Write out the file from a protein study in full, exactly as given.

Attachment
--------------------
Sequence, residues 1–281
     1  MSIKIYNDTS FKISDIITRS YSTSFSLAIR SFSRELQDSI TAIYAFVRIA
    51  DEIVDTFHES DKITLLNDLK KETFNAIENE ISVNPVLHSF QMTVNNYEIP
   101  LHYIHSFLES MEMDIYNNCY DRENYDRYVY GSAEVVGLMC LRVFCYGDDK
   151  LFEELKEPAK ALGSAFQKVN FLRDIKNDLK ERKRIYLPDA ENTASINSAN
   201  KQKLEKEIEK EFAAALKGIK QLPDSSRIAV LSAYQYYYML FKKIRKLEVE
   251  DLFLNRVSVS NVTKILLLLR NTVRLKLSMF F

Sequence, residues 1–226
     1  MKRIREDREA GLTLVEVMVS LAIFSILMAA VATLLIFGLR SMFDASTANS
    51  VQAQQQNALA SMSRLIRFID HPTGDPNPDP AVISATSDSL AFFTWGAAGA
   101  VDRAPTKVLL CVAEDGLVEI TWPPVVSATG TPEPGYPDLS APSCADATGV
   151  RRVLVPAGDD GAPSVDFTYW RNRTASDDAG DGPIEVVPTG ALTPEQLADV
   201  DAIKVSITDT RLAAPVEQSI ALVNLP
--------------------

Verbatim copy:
Sequence, residues 1–281
     1  MSIKIYNDTS FKISDIITRS YSTSFSLAIR SFSRELQDSI TAIYAFVRIA
    51  DEIVDTFHES DKITLLNDLK KETFNAIENE ISVNPVLHSF QMTVNNYEIP
   101  LHYIHSFLES MEMDIYNNCY DRENYDRYVY GSAEVVGLMC LRVFCYGDDK
   151  LFEELKEPAK ALGSAFQKVN FLRDIKNDLK ERKRIYLPDA ENTASINSAN
   201  KQKLEKEIEK EFAAALKGIK QLPDSSRIAV LSAYQYYYML FKKIRKLEVE
   251  DLFLNRVSVS NVTKILLLLR NTVRLKLSMF F

Sequence, residues 1–226
     1  MKRIREDREA GLTLVEVMVS LAIFSILMAA VATLLIFGLR SMFDASTANS
    51  VQAQQQNALA SMSRLIRFID HPTGDPNPDP AVISATSDSL AFFTWGAAGA
   101  VDRAPTKVLL CVAEDGLVEI TWPPVVSATG TPEPGYPDLS APSCADATGV
   151  RRVLVPAGDD GAPSVDFTYW RNRTASDDAG DGPIEVVPTG ALTPEQLADV
   201  DAIKVSITDT RLAAPVEQSI ALVNLP